This 18th century Italian painter of views of Venice (and also England during a sojourn there) produced a vast number of scenes of Venice, some representing actual sites while others were imaginary.
This Irish-born British figurative painter, known for his emotionally charged imagery, was in the 1937 group exhibition “Young British Artists” but the response was so dispiriting that he destroyed his paintings.
After working since the 1870s in the Impressionist style, this French painter and printmaker’s colors began to grow somber after 1900, reflecting his shift to portraying biblical, courtroom, and World War I scenes.
Per his request, this American installation artist and assemblage sculptor was buried in the front seat of his brown 1940 Packard Coupe with a dollar, a deck of cards, a bottle of Chianti, and the ashes of his dog.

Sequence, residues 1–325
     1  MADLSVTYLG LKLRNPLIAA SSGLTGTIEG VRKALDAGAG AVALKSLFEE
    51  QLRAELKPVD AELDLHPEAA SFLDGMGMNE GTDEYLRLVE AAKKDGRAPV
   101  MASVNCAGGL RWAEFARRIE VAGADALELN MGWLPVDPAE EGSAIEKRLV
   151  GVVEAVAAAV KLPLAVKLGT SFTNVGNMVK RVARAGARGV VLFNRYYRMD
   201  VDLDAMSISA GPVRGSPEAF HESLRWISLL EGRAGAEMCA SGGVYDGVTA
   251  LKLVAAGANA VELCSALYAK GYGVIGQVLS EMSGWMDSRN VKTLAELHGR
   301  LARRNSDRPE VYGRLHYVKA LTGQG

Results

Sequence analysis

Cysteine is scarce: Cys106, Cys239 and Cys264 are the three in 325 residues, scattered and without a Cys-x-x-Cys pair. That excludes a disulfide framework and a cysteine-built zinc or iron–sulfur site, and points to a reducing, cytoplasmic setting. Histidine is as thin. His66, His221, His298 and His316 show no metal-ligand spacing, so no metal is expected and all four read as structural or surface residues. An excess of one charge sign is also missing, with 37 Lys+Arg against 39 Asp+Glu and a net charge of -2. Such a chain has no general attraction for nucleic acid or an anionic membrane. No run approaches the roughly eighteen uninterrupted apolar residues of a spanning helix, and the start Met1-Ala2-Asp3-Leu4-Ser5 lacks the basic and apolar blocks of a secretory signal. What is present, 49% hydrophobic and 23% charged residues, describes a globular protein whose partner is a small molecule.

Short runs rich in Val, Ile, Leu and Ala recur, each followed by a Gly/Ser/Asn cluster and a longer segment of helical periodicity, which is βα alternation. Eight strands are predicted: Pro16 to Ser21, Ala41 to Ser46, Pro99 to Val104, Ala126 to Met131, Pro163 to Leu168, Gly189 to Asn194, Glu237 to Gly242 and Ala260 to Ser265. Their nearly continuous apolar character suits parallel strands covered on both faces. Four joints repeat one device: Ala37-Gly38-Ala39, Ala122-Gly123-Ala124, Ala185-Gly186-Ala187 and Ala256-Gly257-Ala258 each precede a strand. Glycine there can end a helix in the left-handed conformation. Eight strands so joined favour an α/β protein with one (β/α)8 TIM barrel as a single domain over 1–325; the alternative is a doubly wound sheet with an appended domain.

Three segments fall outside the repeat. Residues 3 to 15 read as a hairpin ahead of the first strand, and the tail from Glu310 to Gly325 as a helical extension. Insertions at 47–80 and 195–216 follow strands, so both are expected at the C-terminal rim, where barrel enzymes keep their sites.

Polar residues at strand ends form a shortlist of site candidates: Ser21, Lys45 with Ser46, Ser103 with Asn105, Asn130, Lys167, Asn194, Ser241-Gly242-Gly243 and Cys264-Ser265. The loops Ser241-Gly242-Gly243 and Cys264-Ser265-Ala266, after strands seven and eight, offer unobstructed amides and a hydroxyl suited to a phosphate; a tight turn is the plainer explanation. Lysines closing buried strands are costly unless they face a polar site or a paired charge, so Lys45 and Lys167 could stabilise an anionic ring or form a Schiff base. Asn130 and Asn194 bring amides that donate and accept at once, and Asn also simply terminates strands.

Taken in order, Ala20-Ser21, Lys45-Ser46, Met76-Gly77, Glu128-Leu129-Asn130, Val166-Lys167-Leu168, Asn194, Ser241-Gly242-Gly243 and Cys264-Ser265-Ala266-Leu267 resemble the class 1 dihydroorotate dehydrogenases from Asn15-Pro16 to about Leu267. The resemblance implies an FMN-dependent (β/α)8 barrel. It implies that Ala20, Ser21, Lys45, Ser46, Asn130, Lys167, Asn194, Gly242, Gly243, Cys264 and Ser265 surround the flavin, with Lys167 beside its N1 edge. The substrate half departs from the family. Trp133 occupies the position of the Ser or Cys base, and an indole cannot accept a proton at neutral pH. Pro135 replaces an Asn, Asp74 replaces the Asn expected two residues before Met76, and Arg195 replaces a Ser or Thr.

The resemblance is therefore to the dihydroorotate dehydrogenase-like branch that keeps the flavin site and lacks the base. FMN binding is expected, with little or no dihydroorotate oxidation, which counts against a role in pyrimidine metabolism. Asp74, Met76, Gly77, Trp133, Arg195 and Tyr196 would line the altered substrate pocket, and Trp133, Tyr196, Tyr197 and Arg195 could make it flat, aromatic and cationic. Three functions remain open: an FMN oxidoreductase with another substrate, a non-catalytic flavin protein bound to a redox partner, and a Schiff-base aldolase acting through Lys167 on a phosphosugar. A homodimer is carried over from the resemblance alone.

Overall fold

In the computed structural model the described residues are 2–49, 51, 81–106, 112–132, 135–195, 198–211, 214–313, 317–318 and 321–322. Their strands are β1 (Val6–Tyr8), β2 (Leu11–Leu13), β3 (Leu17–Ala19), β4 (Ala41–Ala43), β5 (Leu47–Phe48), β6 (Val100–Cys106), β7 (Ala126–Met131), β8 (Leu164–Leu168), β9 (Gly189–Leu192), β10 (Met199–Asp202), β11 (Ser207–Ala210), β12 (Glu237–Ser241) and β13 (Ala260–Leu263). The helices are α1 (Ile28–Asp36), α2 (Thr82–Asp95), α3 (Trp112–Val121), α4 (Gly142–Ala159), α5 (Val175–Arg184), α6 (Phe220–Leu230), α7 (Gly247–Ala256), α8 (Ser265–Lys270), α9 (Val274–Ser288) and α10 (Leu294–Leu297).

The prints and techniques of this Prague born-painter, etcher, and lithographer went through extensive changes as he traveled internationally, learning new methods wherever he went.
This painter, printmaker, and draftsman had a long, prolific, and highly successful career which extended from the late 19th century academic tradition to German Impressionism and finally Expressionism.
What artist, a famous painter and draftsman in his own time and considered the most important in Dutch history, was also the most innovative printmaker of the seventeenth century?
What artist — a sculptor in wood who began to build furniture — believed that handcraft was secondary to design, saying he put into his work “a little of the hand, but the main thing is the heart and the head”?